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Unexplainable radio signal has astronomers scratching their heads

Published Jun 6th, 2024 7:39PM EDT
Radio telescopes and the Milky Way at night
Image: zhengzaishanchu / Adobe

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Space is full of strange signals, but one unexplainable radio signal has astronomers especially baffled. The signal was first detected by the ASKAP radio telescope in Australia. Designated ASKAP J1935+2148, the signal appears to repeat every 53.8 minutes. As it repeats, it also seems to cycle through three different phases, raising even more questions about the signal.

Based on our current understanding of physics, there’s no logical explanation for why this radio signal is doing what it is doing. Sometimes, it seems to shoot out bright flashes that last between 10 and 50 seconds. These flashes all point in the same direction. Other times, though, the pulses are weaker and feature a more circular polarization, and it lasts just 370 milliseconds. Even still, there are other times when the object misses its cue and seems to remain silent.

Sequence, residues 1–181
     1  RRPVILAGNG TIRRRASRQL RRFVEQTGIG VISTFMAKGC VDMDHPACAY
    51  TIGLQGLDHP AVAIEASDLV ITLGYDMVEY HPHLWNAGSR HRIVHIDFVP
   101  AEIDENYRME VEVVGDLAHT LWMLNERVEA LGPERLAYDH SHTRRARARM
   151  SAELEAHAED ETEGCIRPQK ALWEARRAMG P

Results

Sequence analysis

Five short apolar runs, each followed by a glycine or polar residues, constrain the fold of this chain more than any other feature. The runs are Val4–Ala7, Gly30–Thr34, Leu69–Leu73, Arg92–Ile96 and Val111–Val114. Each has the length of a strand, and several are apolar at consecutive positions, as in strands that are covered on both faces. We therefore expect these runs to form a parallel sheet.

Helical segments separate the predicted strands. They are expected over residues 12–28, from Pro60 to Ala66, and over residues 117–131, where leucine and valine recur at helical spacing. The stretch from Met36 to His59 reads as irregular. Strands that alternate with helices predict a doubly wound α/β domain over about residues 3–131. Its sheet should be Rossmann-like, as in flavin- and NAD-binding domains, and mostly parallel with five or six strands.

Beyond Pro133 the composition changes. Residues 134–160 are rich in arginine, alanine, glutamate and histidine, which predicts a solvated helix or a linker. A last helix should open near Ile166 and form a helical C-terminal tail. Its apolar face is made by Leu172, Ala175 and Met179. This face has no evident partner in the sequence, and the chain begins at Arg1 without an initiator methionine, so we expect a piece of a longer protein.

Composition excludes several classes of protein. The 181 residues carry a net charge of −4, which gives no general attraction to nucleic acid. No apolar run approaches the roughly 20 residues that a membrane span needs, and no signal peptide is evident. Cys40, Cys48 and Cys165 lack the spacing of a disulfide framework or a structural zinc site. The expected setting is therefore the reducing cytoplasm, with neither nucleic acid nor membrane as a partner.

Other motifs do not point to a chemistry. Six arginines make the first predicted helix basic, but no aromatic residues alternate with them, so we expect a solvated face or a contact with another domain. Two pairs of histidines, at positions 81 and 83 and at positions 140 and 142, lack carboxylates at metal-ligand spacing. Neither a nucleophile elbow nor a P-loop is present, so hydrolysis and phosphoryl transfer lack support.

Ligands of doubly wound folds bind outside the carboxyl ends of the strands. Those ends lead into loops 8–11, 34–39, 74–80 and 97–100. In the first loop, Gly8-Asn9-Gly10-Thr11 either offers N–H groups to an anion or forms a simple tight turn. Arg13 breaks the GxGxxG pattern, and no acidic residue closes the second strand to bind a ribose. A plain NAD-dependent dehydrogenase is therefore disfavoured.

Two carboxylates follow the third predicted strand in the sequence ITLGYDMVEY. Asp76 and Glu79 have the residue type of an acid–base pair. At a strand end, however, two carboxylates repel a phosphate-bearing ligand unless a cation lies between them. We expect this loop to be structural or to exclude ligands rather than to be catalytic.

scientists may have discovered a new class of stellar object in a neutron star
Neutron star in space. Elements of this image were furnished by NASA. Image source: Artsiom P / Adobe

These three distinctive emission states are part of what have scientists so confused about this unexplainable radio signal. Many are confident in the origin of the signal—it is likely coming from a neutron star or a white dwarf star. But this solution isn’t exactly “neat,” as the weird properties outlined above don’t really fit our current understanding of the physics surrounding these two cosmic objects.

A neutron star is highly likely, as they blast out radio waves frequently. Scientists say that the different states we’re seeing here could be caused by strong magnetic fields and complex plasma flows around the neutron star. The problem here, though, is that we’ve typically seen neutron stars spin at speeds of seconds or even fractions of a second per revolution. As such, it should be impossible for one to spin slowly enough to send out a signal once every 53.8 minutes.

White dwarfs, on the other hand, have been known to spin that slowly. However, we haven’t ever found any that produce unexplainable radio signals like this. Which is why scientists continue to scratch their heads and mull over the data. A paper on these latest findings surrounding the signal can be found in Nature Astronomy. If scientists are able to solve this mystery, it could force us to reimagine how we think of the universe and physics.

Josh Hawkins has been writing for over a decade, covering science, gaming, and tech culture. He also is a top-rated product reviewer with experience in extensively researched product comparisons, headphones, and gaming devices.

Whenever he isn’t busy writing about tech or gadgets, he can usually be found enjoying a new world in a video game, or tinkering with something on his computer.